ALBANY -- The Dougherty County Commission opted not to send a consolidation charter to the state Legislature at a special called meeting Wednesday.
The motion failed 4-3 with Commissioners Gloria Gaines, Jack Stone, Muarlean Edwards and John Hayes voting against it. Chairman Jeff Sinyard and Commissioners Lamar Hudgins and Charles Lingle voted in favor of it.
Those that voted against it say they did so based on feedback from their constituents indicating they did not want consolidation.
"I can't speak for the 96,000 people in Dougherty County, but I can speak for District 2," Hayes said. "I am here to carry out their desires."
Edwards, who represents District 3, said there were too many unknowns to allow the charter to go forward.
"If I don't know enough facts to give the pros and cons, I will go with my constituents," she said.
Other dissenters felt there were bigger fish for the community to fry.
"I'm going to do what the people elect me to do," said Stone, who represents District 6. "We've got many other things to worry about."
Those that voted for it did so mainly out of respect for the public's right to vote on the issue.
"I feel the basic right to vote is at the basis of this argument," said Lingle, representative for District 4.
Sinyard had similar feelings on the process, and felt the effort in dealing with the charter demonstrated an open process amongst area officials.
"I felt that people should be able to vote," he said. "The most important aspect is that we have an open and deliberative process. It's good to
see the city and county work together; that's very important to me.
"At the end of the day, we have to move forward with it or not. There
was a lot of hard work involved and I respect each commissioner's vote."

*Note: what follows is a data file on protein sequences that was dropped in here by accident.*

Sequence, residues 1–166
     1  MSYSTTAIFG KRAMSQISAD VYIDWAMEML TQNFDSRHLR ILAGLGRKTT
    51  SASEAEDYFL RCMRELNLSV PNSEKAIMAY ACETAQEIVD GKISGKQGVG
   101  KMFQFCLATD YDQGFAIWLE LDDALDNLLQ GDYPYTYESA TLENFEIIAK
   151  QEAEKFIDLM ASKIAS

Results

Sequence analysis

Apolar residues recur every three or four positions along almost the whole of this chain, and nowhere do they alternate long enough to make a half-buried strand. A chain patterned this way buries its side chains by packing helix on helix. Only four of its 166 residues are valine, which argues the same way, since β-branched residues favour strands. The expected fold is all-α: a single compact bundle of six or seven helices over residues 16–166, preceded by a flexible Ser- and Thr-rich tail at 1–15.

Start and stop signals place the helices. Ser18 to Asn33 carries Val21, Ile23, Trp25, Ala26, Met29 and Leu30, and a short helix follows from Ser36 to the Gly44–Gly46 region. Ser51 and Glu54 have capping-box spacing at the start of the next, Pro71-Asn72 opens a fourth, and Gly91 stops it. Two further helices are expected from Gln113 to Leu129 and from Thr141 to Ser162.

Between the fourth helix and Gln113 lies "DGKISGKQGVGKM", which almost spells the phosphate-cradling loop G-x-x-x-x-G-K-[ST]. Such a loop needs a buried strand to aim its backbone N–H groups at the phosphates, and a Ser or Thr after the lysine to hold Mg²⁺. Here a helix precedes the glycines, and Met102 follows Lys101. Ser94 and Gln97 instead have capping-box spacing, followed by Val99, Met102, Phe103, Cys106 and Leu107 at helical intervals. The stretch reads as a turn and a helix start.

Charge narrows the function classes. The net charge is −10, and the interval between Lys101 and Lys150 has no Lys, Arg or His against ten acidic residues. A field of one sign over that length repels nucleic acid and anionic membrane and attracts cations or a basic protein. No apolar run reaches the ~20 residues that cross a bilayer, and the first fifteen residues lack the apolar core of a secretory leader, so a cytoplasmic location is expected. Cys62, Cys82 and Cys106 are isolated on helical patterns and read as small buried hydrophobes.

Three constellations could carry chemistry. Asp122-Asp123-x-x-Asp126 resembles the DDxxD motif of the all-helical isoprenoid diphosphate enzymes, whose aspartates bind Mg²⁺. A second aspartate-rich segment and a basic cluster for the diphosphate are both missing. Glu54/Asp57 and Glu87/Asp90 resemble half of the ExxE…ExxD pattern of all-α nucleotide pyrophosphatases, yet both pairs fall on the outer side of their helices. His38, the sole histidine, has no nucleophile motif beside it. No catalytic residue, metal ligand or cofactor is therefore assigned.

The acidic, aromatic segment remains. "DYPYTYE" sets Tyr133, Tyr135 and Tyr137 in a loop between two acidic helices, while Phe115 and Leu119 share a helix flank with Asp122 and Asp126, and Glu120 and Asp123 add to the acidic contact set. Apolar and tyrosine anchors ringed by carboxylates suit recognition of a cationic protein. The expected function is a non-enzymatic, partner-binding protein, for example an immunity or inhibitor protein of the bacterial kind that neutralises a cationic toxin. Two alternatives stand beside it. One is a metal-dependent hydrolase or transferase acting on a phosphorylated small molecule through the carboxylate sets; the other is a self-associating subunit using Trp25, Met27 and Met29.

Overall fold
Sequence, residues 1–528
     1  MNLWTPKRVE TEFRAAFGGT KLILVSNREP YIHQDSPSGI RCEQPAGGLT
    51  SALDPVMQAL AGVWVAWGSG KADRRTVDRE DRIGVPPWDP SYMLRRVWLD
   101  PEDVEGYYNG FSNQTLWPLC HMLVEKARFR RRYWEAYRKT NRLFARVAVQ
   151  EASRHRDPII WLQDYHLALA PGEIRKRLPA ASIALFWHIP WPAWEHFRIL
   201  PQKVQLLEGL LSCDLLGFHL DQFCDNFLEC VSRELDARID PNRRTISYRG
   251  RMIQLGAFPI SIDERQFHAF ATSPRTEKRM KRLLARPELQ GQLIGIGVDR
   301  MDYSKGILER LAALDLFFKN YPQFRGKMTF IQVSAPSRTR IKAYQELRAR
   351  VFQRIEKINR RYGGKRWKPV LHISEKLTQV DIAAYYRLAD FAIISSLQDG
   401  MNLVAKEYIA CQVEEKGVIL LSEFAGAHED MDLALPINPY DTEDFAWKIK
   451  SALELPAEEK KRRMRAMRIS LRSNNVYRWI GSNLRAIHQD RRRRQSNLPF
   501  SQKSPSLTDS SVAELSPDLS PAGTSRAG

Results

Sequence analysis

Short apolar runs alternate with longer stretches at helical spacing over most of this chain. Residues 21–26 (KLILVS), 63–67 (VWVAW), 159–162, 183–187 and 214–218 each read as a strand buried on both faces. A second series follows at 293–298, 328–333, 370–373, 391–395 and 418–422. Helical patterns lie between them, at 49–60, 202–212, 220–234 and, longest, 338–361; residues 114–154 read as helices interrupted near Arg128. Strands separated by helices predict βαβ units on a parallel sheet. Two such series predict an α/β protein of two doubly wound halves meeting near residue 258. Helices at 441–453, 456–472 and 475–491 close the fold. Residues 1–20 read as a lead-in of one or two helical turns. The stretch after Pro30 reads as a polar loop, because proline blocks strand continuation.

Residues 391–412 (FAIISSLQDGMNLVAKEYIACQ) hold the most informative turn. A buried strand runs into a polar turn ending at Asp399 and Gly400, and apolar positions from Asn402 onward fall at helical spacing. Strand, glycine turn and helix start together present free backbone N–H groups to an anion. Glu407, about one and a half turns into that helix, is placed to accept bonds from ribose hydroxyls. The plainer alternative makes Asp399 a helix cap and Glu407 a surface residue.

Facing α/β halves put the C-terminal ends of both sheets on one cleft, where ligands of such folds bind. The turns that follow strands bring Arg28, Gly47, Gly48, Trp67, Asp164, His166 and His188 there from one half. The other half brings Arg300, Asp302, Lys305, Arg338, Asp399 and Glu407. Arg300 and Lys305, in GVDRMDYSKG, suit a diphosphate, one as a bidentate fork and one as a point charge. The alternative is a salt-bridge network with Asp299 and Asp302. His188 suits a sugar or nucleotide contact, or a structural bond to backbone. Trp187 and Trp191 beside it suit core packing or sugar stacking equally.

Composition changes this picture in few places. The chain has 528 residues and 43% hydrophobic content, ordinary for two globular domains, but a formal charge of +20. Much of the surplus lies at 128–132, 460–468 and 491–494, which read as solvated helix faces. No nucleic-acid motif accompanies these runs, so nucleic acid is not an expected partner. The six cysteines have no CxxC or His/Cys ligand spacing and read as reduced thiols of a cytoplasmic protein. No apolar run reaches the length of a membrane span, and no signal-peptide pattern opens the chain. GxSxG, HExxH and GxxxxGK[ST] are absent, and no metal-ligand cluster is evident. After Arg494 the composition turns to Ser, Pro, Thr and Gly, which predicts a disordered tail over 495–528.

The bill calling for a referendum on consolidating the city and county governments passed the Georgia House in March, where it later moved on into the Senate. Legislators can now take the city's charter and move forward with it, or the issue could die.
"I feel certain the issue of consolidation in Albany-Dougherty County is to be continued," said Sen. Freddie Powell Sims, D-Albany. "I'm sure consolidation is not dead."
Of all the issues Sims has gotten feedback on from her constituents recently, she said consolidation has been low on the list. Since then, she has been waiting for the local government to act on the matter.
In a phone interview Wednesday afternoon, Sims did not give an opinion on the issue.
"My responsibility is not to 'suade public interest on this," she said. "My responsibility is to move forward so constituents can move forward."
At 11:05 p.m. Tuesday, the Albany City Commission agreed to send a charter consolidating the city and county governments to the General Assembly in a 5-2 vote. Commissioners Tommie Postell and Jon Howard were the only naysayers.
"I'm sure each one of the (county) commissioners voted with their conscience, and I'm glad my commissioners voted their conscience," Albany Mayor Willie Adams said. "The people in the community will have to vote on the charter. It's unfortunate we are split on this issue. My gut feeling is that it doesn't look good."
Rep. Ed Rynders, R-Leesburg, said Wednesday that it will be interesting to see how things unfold in the coming months.
"At this point, people have the right to decide how they want to be governed," he said. "I'm curious to see how things will move forward."